Jewish Heritage in Prague

Leave a comment Standard

As mentioned in my previous post, Czech-ing Out Prague, the Jewish Museum was one of the highlights of my trip and cannot be missed in any trip to the city.

The Free Walking Tour showed us around the area and gave some information about Jewish life in Prague over the course of history, but this is just a starting point. Grab a ticket from one of the ticket offices to really appreciate the rich Jewish heritage in this city.

There are several ticket options with discounts available. We chose the second one where we had access to all but the Old-New Synagogue. There is A LOT to see. What is great is that your ticket is valid for one-entry to all the sites but you can use it over the course of two weeks (check your ticket just in case though). This was great for us as we were able to spread out seeing the sights over two days instead of packing it all into one.

We had access to and visited: Maisel Synagogue, Pinkas Synagogue, Old Jewish Cemetery, Klausen Synagogue, Ceremonial Hall and Spanish Synagogue. Many of these sites are Shoah memorials and religious buildings, so it is important to be respectful and wear appropriate clothing.

The Spanish Synagogue is by far the most beautiful Synagogue I have visited. The wall and ceiling decorations are remarkable. I overheard a tour guide say ‘this is the most beautiful synagogue in Central Europe’ so it is not just me! In a separate entrance you will find the permanent exhibition on ‘The History of the Jews in Bohemia and Moravia, Part 2.’ It’s special focus is on the Shoah of Jews from Bohemia and Moravia, and the Terezín ghetto.

Pinkas Synagogue was a very solomn space. Much older, built in the 16th century, it is now a memorial to the nearly 80,000 Jewish victims of the Shoah (Holocaust) from Bohemia and Moravia. It is one of the earliest memorials of its kind in Europe, it is the work of two painters, Václav Boštík and Jiří John who painted the names of the victims on its walls. After the Soviet invasion of 1968, the memorial was closed to the public for more than 20 years. It was fully reconstructed and reopened to the public in 1995 after the fall of the Communist regime.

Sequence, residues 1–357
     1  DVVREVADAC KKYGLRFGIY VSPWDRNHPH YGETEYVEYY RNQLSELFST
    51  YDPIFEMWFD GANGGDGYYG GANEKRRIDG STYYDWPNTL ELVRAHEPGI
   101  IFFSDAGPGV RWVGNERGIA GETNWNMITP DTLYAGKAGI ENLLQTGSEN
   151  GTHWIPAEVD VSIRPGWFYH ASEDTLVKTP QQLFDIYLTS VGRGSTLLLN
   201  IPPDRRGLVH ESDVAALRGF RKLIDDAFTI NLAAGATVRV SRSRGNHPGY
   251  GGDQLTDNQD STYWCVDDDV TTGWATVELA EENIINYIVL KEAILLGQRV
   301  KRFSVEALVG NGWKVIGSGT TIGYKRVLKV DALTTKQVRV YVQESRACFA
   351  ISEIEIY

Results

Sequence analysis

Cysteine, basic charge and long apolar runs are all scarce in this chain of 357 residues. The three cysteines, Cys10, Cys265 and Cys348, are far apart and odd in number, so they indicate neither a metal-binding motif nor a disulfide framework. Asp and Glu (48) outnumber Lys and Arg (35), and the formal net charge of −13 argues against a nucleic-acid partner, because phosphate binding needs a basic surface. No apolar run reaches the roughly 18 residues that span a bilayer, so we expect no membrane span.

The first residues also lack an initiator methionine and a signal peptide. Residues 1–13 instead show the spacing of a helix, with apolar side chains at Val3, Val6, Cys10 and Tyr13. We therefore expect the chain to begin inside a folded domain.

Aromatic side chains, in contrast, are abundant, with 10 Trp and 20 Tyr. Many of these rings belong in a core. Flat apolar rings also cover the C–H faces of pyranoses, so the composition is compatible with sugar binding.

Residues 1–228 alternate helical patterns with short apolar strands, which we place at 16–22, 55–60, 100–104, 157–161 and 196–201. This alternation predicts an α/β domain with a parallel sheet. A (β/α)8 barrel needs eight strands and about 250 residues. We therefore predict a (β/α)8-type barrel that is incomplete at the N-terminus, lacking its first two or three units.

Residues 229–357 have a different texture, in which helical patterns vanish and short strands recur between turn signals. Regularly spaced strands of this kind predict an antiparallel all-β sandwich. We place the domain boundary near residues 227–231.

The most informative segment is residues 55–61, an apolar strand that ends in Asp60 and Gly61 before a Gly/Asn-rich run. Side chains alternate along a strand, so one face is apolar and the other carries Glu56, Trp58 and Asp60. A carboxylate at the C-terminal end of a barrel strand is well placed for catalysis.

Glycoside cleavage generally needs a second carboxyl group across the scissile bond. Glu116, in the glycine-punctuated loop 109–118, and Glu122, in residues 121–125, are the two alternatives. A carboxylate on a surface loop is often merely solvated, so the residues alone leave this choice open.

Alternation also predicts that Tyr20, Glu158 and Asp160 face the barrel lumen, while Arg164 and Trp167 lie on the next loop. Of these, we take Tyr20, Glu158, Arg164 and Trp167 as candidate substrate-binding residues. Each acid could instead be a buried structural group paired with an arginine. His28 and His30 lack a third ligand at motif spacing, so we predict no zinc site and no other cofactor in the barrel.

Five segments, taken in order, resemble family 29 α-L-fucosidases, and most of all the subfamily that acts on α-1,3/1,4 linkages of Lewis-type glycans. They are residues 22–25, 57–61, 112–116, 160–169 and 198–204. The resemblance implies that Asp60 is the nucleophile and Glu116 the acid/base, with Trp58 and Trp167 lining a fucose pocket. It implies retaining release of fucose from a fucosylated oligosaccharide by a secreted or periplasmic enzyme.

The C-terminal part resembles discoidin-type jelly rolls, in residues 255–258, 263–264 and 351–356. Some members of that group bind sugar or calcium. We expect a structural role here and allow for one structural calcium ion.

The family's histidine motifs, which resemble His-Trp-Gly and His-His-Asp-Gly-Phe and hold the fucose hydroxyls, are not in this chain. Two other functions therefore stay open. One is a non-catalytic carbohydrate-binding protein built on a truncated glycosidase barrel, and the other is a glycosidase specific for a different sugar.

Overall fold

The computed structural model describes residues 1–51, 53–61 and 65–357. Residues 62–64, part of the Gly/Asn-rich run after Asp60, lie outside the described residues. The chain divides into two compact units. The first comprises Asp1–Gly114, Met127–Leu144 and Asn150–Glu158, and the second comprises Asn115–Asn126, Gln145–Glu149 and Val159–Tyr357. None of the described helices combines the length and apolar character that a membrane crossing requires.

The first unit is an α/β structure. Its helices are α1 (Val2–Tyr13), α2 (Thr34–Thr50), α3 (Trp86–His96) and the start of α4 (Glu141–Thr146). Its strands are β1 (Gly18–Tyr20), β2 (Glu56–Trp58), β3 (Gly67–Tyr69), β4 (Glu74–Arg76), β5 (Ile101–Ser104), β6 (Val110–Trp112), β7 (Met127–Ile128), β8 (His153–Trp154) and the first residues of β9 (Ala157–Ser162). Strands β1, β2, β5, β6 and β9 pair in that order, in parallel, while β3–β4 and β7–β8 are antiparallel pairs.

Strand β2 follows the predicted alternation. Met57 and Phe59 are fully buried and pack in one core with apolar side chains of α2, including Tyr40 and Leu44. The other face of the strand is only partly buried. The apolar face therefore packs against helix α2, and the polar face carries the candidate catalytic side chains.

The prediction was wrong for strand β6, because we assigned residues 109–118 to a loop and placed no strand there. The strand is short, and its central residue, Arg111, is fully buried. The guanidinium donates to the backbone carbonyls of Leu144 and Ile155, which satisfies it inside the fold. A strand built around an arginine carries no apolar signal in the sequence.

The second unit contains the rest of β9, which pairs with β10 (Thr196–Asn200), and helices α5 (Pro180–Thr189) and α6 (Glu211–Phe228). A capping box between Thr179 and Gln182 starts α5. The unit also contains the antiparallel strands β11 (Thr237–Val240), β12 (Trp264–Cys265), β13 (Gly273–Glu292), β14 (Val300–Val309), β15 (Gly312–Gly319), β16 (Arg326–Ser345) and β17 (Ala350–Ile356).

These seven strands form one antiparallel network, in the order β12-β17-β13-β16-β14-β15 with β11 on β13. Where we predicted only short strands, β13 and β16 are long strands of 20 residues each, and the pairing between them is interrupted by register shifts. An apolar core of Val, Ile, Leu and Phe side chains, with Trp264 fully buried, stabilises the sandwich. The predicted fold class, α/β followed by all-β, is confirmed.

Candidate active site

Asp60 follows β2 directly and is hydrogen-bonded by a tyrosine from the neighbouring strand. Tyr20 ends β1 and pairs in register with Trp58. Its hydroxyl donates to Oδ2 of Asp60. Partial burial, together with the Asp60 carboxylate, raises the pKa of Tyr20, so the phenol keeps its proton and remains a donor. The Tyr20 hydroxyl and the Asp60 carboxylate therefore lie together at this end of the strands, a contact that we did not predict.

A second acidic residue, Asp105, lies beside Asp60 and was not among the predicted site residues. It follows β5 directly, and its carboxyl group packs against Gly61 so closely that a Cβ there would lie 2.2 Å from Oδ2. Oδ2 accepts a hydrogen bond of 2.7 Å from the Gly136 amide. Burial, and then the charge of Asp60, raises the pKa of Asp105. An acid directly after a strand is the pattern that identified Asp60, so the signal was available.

20375713_10158939586410447_7376960583058610716_n

 

 

A heart-wrenching exhibition, located on the first floor, gives us a glimpse of the fate of Jewish children who were incarcerated in the Terezín ghetto during the Second World War. It is based on the children’s drawings that were made in the ghetto between 1942 and 1944 under the supervision of the artist Friedl Dicker-Brandeis. The pictures document the transports to Terezín and daily life that these children faced, as well as their dreams of returning home and of life in the Jewish homeland. For many, these dreams remained just that. Very few survived, as the majority of the children perished in the gas chambers in Auschwitz-Birkenau.

The Old Jewish Cemetery is among the oldest surviving Jewish burial grounds in the world. It is fascinating to see the old tombstones and see nature take over this place. It was founded in the first half of the 15th century with the earliest tombstone dating all the way back to 1439! There are about 12,000 tombstones in the cemetery. However, as this was the only place where Jews were allowed to be buried for centuries, space was extremely scarce and bodies were buried on top of each other, with graves layered up to 10 deep. Now the cemetery is quite built up from street level.

This slideshow requires JavaScript.

Czech-ing Out Prague

Leave a comment Standard

Our three night stay in Prague felt like the right amount of time to visit the city. Enough to do what we wanted to do but not rush it. In hindsight I would have extended my stay if possible, but only to visit other parts of the country that we didn’t make time for.

We were hoping for some nice, sunny weather. Had we gone this week, we would have been in shorts and tee-shirts. Instead, we went last week, when the weather was the same as back home – pouring with rain mostly and very overcast. This didn’t ruin the trip though and we just put our waterproof jackets on and made the most of it. Luckily the final day brightened up nicely!

We stayed at the Caesar Hotel which was in a great location – a ten minute walk to the centre and right next to the river with some cracking views of the bridges and Prague Castle. It was just lovely to take the longer route into town along the river to soak up those views day and night. I was dubious as there were some quite mixed reviews of the hotel online, but our room was amazing (spacious, clean and a great shower) and breakfast was good.